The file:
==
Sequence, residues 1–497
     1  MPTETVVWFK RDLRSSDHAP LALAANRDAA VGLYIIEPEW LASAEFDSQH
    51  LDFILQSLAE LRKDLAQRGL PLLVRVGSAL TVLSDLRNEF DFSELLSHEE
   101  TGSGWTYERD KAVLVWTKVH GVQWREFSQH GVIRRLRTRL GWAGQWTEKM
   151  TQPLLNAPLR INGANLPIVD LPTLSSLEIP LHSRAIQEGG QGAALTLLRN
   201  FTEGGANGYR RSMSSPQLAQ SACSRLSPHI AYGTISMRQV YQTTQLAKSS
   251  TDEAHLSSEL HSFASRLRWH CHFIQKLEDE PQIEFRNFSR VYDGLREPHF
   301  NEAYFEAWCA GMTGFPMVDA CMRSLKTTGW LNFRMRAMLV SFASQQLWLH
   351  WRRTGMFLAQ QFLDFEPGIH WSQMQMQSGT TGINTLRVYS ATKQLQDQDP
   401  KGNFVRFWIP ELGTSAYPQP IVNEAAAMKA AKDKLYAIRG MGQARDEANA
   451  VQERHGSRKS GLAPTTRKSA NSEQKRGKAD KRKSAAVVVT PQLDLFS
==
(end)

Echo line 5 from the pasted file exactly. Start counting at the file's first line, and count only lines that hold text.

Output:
   151  TQPLLNAPLR INGANLPIVD LPTLSSLEIP LHSRAIQEGG QGAALTLLRN